MIT Reports to the President 1996-97


The Integrated Studies Program (ISP) offers a curriculum for first-year students built around the study of a variety of technologies practiced in different cultures and historical periods. ISP promotes a form of education that seeks to show students the interrelatedness of ideas and processes in the sciences, humanities and social sciences. Hands-on learning is emphasized as a complement to the theoretical work that is a typical component of the first-year curriculum. ISP strives to provide students the academic and social foundation for success at MIT and beyond by creating a community devoted to team approaches to design and problem solving, inquiry, enhanced communication skills, and life-long learning.

Formerly housed administratively in the School of Humanities and Social Sciences, ISP is now under the joint sponsorship of SHSS and the School of Engineering. The program has also reorganized administratively so that students take an increasingly greater responsibility in running the workshops connected to our HASS-D subjects on technologies. We offered a seminar jointly with the Experimental Studies Group (ESG): a student-taught seminar on Robotics, which stresses concepts encountered in 8.01; it includes `brown bag robotics kits' for each student.

The two semester HASS-D subjects on technologies that form the core of ISP were once again marked by hard work, creativity, and enthusiasm of the students. The primary responsibility for these subjects lies with Peter Dourmashkin and Professor Arthur Steinberg, with Frederica Steinberg coordinating the integrated writing component. To improve students' competency in writing, designing presentations, and working as part of a team to develop an idea, we have added new material to these subjects and modified existing approaches. In fall semester, students worked in small teams to construct an oral history of Building 20 by interviewing and videotaping current and former residents of the building, and researching their contributions by using the MIT Archives. In spring we ran a very successful project on team-constructed business plans for new textile mills in the 19th century Merrimack Valley.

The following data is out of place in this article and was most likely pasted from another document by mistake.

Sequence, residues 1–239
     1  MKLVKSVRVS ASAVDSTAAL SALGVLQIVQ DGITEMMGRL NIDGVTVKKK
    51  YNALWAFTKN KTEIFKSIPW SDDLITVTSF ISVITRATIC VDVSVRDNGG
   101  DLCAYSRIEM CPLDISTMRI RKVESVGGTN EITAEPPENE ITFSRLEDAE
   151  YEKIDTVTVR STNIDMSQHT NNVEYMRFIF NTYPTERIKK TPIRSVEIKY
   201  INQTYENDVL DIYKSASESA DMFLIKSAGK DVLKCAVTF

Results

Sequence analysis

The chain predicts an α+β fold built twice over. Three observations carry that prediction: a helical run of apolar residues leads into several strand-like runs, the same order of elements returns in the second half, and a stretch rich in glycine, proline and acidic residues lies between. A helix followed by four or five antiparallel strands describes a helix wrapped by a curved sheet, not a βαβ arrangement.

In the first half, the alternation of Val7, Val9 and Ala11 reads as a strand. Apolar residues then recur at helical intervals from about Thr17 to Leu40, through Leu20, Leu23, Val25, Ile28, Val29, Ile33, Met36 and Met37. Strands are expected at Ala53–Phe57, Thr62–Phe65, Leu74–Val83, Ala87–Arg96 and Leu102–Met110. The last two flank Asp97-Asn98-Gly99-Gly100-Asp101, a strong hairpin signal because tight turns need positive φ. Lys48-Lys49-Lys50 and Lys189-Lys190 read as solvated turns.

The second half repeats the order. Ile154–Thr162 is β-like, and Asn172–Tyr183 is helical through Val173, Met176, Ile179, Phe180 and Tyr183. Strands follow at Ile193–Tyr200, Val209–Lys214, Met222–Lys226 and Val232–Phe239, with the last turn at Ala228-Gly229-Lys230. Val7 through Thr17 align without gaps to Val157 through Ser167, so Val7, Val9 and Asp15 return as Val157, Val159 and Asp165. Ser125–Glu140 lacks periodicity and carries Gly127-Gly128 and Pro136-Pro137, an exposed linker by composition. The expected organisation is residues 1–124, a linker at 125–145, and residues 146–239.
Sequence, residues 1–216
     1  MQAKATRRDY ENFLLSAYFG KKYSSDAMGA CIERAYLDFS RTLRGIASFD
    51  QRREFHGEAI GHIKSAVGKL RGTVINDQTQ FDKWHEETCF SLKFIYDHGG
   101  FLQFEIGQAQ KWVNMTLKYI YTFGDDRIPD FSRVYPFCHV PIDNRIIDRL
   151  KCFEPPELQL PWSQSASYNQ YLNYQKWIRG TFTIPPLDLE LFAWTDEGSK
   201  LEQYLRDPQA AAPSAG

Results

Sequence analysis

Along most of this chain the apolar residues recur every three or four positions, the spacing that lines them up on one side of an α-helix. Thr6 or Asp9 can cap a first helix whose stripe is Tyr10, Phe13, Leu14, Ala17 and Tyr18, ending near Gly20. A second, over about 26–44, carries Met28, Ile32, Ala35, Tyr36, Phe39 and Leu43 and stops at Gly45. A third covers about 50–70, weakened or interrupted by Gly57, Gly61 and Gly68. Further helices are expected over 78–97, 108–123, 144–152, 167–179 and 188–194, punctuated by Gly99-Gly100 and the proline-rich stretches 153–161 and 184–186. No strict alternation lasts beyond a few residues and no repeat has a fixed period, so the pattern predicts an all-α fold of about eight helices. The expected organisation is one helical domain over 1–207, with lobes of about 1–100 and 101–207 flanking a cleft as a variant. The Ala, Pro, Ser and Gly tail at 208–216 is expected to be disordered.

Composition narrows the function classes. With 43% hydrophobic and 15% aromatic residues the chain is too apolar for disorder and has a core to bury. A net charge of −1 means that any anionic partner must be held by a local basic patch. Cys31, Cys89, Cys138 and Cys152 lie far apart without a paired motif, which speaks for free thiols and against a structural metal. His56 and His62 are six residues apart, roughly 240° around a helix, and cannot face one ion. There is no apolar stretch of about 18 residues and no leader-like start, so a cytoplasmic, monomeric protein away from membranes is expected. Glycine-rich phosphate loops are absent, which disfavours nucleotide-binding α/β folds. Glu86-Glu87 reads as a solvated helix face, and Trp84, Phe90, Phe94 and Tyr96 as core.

Workshops connected to the humanities subjects were enhanced by the participation of guest presenters, including Toby Bashaw, blacksmith, Debbie Watson, weaver and dyer, and Dr. Ed Franquemont, anthropologist and specialist on Incan weaving.

ISP ran a weekly luncheon for freshmen with guests from the MIT and greater community speaking about their work.

ISP is continuing to develop a strong writing curriculum under the leadership of Ms. Steinberg. This writing program is built around short, developmentally effective writing assignments integrated within ISP's fall and spring HASS-D subjects. At the heart of the program is prompt feedback on outlines, drafts, and final papers from a grading staff, including undergraduates. Students also worked on writing though a variety of activities including journals, peer conferences and brain-storming sessions, and workshops devoted to specific topics.

Besides these HASS-D subjects ISP offered recitations in some of the science and math core subjects, and tutorials for students who request them.

ISP welcomes Renée Hoffman as a new support staff member.

Of the 26 (16 male; 10 female)students enrolling in the fall, 4 were members of underrepresented minority groups. In spring, of the 39 (25 male; 14 female) who enrolled, 4 were members of underrepresented minority groups.

ISP is overseen by Arthur Steinberg, Director, and Debra Aczel, Program Administrator.

Arthur Steinberg

MIT Reports to the President 1996-97